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Ultraflex in Scientific Articles

//Ultraflex in Scientific Articles
Ultraflex in Scientific Articles 2017-07-17T12:38:40+00:00

Ultraflex-in-Scientific-Articles

Ultraflex has provided custom induction heating or radiofrequency (RF) technologies for scientific research that has been published in prestigious scholarly journals, including as Nature and Science.

Nanoparticle Research Articles

Stanley, et al. achieve targeted activation and inhibition of neuronal activity in vivo in mice to control feeding and glucose homeostasis. Nanoparticle technology combined with radiofrequency (RF) induction heat treatment on the mice using a custom Ultraflex coil allowed for acute activation of glucose-sensing neurons. Their method avoids the need for permanent implants and can potentially be applied to study or regulate other neural processes.
S.A. Stanley, L. Kelly, K.N. Latcha, S.F. Schmidt, X. Yu, A.R. Nectow, J. Sauer, J.P. Dyke, J.S. Dordick, and J.M. Friedman
Bidirectional electromagnetic control of the hypothalamus regulates feeding and metabolism.
Nature 531 7596 (2016): 647.
www.nature.com/nature/journal/v531/n7596/full/nature17183.html

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Stanley, et al. develop a repeatable method for regulating gene expression in vivo in mice using iron oxide nanoparticles and radiofrequency (RF) induction heat treatment. They develop the biotechnology to use noninvasive genetically-encoded nanoparticles to potentially avoid the need for nanoparticle injection. Using a custom Ultraflex system, this technology allows for robust, remote temporal control of gene expression.
S.A. Stanley, J. Sauer, R.S. Kane, J.S. Dordick, and J.M. Friedman
Remote regulation of glucose homeostasis in mice using genetically encoded nanoparticles.
Nature Medicine 21 1 (2015): 92.
www.nature.com/nm/journal/v21/n1/abs/nm.3730.html

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Stanley, et al. combine nanotechnology, bioengineering, and radiofrequency (RF) induction heating to remotely regulate protein production in vivo in mice using custom Ultraflex technology. Their technique allows for the stimulation of insulin production by heating genetically encoded ferritin nanoparticles. This landmark paper provides the foundation to combine nanotechnology and RF induction heating to activate cells.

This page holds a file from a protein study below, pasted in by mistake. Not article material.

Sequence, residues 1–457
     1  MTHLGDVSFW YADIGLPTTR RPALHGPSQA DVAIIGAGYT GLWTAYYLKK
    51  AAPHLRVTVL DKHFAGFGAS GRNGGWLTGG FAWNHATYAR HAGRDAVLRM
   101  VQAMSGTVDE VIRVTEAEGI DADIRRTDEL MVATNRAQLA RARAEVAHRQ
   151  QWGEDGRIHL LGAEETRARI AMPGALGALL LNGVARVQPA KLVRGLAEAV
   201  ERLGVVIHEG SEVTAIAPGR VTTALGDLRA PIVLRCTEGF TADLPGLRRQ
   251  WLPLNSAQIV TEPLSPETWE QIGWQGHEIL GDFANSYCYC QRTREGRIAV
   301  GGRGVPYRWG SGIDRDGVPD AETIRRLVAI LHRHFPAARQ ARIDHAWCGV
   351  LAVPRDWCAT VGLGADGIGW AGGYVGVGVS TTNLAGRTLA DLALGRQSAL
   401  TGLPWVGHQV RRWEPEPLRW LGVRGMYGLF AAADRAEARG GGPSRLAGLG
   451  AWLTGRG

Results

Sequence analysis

S.A. Stanley, J.E. Gagner, S. Damanoour, M. Yoshida, J.S. Dordick, and J.M. Friedman
Radio-wave heating of iron oxide nanoparticles can regulate plasma glucose in mice.
Science 336 6081 (2012): 604.
science.sciencemag.org/content/336/6081/604
Induction in Industry Articles and Patents

Induction heating systems have wide range of applications. Brazing process – joining two metal parts using filler material, is important part of these. Focus of this article is on the induction heating process implemented in brazing solutions. A brief review of the process is given at the first part. General classification of induction heating systems is described for quick reference. Theoretical and experimental guide lines are included to help during proper system selection and solution implementation.
D.N. Grozdanov and N.L. Hinov
Industrial application of induction brazing systems.
International Scientific Conference Electronics (ET). IEEE (2016).
ieeexplore.ieee.org/abstract/document/7753481/
Y.C. Chang
Design of desktop-scale metal wire-feeding prototype machine.
Master’s Thesis. The University of Texas at Austin (2016).
repositories.lib.utexas.edu/handle/2152/44555
Friedman and S. Stanley
Compositions and methods to modulate cell activity.
US Patent No. 9399063 (2016)
www.google.com/patents/US9399063
Maginnis and G. Paskalov
Method of rapid sintering of ceramics.
US Patent No. 8845951 (2014)
www.google.com/patents/US8845951